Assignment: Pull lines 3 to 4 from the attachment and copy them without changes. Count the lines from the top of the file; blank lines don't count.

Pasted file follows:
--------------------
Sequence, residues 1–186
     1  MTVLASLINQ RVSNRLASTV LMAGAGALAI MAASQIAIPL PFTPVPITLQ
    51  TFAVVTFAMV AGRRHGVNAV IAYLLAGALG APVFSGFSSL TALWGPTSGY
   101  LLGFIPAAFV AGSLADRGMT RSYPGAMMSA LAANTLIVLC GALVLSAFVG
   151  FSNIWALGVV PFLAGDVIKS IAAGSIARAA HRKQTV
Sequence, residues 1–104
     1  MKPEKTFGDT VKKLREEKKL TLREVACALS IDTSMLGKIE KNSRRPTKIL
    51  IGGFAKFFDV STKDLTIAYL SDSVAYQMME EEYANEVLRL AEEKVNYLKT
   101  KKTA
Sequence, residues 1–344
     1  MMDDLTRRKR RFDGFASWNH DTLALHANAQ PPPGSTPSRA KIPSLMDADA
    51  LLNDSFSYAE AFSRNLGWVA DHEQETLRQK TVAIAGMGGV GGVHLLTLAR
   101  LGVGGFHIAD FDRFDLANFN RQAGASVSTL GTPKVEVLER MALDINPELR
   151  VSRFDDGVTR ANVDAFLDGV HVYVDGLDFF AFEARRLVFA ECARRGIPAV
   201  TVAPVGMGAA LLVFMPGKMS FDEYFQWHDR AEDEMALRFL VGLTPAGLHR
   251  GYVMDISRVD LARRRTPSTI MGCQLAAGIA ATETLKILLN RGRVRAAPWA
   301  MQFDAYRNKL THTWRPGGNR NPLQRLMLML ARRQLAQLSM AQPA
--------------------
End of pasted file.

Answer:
    51  TFAVVTFAMV AGRRHGVNAV IAYLLAGALG APVFSGFSSL TALWGPTSGY
   101  LLGFIPAAFV AGSLADRGMT RSYPGAMMSA LAANTLIVLC GALVLSAFVG